published Tuesday, July 10th, 2012

Fire expected to consume 1,600 acres of Cherokee National Forest

Smoke from the "Powerline Fire" is seen from miles away. The blaze is expected to consume 1,600-acres within the Cherokee National Forest. About 100 personnel, five engines, three helicopters and two dozers are being used to fight the blaze.
Smoke from the "Powerline Fire" is seen from miles away. The blaze is expected to consume 1,600-acres within the Cherokee National Forest. About 100 personnel, five engines, three helicopters and two dozers are being used to fight the blaze.
Photo by Dan Henry.
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Recreation impacts

• No structures are threatened.

• The U.S. Forest Service has closed the Chilhowee Recreation Area and the Forest Service Road 77, along with all trails in the immediate area.

• Hiking and mountain biking trails at the Ocoee Whitewater Center remain open.

• Parksville Lake Campground is closed until power is restored.

Source: U.S. Forest Service, Cherokee National Forest

Michael Williams, a 10-year veteran of the U.S. Forest Service out of Murphy, N.C., had a hot job Monday.

He was setting a fire to stop a fire along the historic Ocoee Scenic Byway in the Cherokee National Forest.

The idea was for Williams' fire line -- set with a drip torch -- to reach the road and stop, while down the hill on the other side of its ignition point, the set fire would continue to find fuel until it meets the wildfire rising from U.S. Highway 64 up the ridges of Chilhowee Mountain.

Firefighters hope to contain one of the largest wildfires burning right now in the Southeast before it becomes the largest one.

Eventually the Ocoee blaze -- dubbed the "Powerline Fire" -- will consume about 1,600 acres before rangers expect to be able to bring it under control, said Andy Gaston, acting district ranger of the Ocoee Ranger Station of the Cherokee National Forest.

"We haven't seen any real rain up here since Riverbend," Gaston said. "The woods are pretty piled up with dead wood from the Southern wood pine beetle invasion in 2006. That will burn with a lot of intensity," he said.

The blaze began Thursday night when high winds toppled power poles along U.S. 64 and sparks ignited the dry woods, Gaston said.

On Monday, calmer winds would still catch the rising flames of a decayed pine log and send sparks across Forest Road 77 at the ridge crest.

"Spots [where a blaze jumps a fire line -- even a road] happen. That's all there is to it," Gaston said. "So this water truck follows behind him watching to catch them."

A short distance behind Williams in one of five fire engine water trucks were two more Murphy, N.C., rangers -- part of the 100 firefighters from all over the Southeast who have poured in to help since the fire began with wind-blown and arcing power lines Thursday.

Lonnie Stalcup and Jed Green, also veteran U.S. Forest Service rangers, ate Williams' smoke and hopped into action when needed to douse any hungry embers that flew across the road to eat at crackling leaves and sticks.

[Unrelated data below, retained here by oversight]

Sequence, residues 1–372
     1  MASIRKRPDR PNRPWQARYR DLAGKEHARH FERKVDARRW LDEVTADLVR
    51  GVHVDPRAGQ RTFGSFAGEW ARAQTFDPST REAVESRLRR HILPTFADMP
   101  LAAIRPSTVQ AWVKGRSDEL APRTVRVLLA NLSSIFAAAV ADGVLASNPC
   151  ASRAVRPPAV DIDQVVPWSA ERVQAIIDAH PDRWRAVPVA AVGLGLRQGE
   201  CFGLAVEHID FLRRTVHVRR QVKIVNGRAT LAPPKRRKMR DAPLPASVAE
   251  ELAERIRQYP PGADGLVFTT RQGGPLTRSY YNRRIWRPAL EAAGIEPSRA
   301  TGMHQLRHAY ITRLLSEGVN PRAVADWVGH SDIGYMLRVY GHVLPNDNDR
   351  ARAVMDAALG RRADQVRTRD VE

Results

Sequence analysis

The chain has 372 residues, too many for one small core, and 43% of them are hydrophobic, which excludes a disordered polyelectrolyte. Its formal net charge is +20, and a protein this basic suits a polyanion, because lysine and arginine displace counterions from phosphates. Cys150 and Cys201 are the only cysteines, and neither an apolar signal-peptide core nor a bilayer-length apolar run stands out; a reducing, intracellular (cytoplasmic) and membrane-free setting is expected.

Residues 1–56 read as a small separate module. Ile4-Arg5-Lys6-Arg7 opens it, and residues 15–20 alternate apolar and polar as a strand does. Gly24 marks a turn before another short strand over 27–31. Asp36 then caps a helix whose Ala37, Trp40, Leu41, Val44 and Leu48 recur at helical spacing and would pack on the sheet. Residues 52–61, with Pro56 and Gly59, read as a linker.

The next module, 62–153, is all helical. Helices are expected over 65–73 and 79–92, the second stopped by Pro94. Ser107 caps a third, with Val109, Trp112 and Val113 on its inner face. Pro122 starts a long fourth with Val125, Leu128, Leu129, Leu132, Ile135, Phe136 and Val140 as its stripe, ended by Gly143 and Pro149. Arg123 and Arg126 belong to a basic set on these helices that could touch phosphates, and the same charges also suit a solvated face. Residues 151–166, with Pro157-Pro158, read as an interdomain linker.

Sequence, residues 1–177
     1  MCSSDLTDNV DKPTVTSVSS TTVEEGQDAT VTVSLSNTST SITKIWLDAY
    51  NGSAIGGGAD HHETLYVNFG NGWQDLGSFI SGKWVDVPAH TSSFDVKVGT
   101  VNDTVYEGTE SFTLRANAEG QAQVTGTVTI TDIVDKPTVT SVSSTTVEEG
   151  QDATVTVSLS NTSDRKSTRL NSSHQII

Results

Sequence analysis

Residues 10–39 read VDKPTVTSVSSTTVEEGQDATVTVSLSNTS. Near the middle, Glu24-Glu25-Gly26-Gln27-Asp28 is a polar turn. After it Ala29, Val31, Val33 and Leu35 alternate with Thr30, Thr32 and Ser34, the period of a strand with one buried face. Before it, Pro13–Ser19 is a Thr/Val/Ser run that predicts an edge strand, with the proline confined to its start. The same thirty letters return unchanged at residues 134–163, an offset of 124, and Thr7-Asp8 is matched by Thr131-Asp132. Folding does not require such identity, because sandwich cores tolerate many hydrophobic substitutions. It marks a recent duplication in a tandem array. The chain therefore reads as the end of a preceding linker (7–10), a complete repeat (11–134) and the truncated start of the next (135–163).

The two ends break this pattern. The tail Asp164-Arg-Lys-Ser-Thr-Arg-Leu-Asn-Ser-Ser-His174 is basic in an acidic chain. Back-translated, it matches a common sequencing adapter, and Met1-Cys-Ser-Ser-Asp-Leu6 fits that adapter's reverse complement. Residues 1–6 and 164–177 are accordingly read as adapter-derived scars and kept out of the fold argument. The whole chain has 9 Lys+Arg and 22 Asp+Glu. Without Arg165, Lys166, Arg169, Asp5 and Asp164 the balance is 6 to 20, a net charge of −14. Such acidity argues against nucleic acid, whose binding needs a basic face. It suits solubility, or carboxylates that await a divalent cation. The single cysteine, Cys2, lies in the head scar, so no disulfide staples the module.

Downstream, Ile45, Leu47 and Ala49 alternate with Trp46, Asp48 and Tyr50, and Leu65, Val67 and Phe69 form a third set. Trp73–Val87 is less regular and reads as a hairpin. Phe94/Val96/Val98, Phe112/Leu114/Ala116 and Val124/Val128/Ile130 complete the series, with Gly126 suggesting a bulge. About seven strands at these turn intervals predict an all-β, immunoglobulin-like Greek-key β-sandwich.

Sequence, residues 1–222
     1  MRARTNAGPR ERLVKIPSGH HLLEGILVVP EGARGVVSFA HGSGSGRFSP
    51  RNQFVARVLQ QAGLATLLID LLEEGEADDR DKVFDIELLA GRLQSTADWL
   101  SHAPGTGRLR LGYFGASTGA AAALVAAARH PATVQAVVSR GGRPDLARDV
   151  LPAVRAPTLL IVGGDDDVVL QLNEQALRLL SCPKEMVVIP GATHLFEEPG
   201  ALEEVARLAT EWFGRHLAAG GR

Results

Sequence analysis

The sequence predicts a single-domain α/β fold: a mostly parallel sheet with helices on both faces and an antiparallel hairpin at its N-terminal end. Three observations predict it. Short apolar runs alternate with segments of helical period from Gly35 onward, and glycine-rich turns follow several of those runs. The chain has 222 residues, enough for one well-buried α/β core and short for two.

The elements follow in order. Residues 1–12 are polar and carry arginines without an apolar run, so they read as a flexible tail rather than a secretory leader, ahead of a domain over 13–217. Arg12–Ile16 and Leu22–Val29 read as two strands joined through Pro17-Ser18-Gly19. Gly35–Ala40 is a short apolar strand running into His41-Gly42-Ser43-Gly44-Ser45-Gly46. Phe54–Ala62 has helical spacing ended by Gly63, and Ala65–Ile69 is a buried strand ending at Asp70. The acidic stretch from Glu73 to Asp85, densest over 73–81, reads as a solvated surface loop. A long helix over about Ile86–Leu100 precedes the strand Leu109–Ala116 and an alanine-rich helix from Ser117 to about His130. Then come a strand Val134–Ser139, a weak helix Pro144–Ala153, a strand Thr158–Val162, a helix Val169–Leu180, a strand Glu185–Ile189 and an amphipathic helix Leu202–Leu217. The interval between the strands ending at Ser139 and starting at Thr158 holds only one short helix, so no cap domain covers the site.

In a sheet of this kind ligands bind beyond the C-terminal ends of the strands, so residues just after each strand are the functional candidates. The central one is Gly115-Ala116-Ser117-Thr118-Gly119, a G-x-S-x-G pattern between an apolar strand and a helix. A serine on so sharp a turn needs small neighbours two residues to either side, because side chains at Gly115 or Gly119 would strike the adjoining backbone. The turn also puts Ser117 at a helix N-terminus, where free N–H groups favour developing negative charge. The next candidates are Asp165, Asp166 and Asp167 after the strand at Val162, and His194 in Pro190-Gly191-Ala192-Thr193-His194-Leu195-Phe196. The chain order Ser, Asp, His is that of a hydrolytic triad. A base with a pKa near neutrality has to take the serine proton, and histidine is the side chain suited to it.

"We've been doing this a long time," Stalcup said.

U.S. Forest Service firefighters also were using three helicopters to dip water from Parksville Lake to dump into the wildfire.

Later and in another section, they also plan to use the helicopters to drop fire "balls" to continue building their fire line protection.

"We don't expect to be fighting fires this size at this time of the year," Gaston said. "But the fuel load is so much, and it's so dry. We have to contain this."

On Monday afternoon firefighters could only say the fire was 15 percent contained.

But they had mapped their plan of attack using a combination of Forest Road 77 as one fire break and newly bulldozed trails curving back to U.S. 64 and two others.

Forest Road 77 normally makes up the second leg of the Ocoee Scenic Byway -- the first designated National Forest Scenic Byway in the United States.

The 19-mile byway follows most of the Old Copper Road through the Ocoee River Gorge, then continues along the shores of Ocoee Lake. Then Forest Road 77, adds a seven-mile drive up Chilhowee Mountain for a high view with beautiful scenic valley and bluff vistas.

"Some of the trees will die," Gaston said, with a shake of his head. "Especially where they are up against some of these piles [of fallen trees]."

Aided by the Tennessee Division of Forestry, Tennessee Wildlife Resources Agency and the Tennessee State Parks Department, the coalition of firefighters has battled daily 100-degree temperatures and very steep slopes.

Gray skies spit sprinkles of rain, but the rangers said the sporadic and short-lived showers were nowhere near enough to snuff the flames.

"We would need several inches of rain to put this out," Gaston said. "It's just too hot and too dry."

Gaston said the Ocoee fire is one of about seven burning in the 650,000-acre Cherokee National Forest, but it is the largest.

The Cherokee National Forest, stretching south and north of the Great Smoky Mountains National Park along Tennessee's eastern border, is the largest tract of public land in Tennessee. It also adjoins other national forests in Virginia, North Carolina and Georgia.

Contact staff writer Pam Sohn at psohn@timesfreepress.com or 423-757-6346.

about Pam Sohn...

Pam Sohn has been reporting or editing Chattanooga news for 25 years. A Walden’s Ridge native, she began her journalism career with a 10-year stint at the Anniston (Ala.) Star. She came to the Chattanooga Times Free Press in 1999 after working at the Chattanooga Times for 14 years. She has been a city editor, Sunday editor, wire editor, projects team leader and assistant lifestyle editor. As a reporter, she also has covered the police, ...

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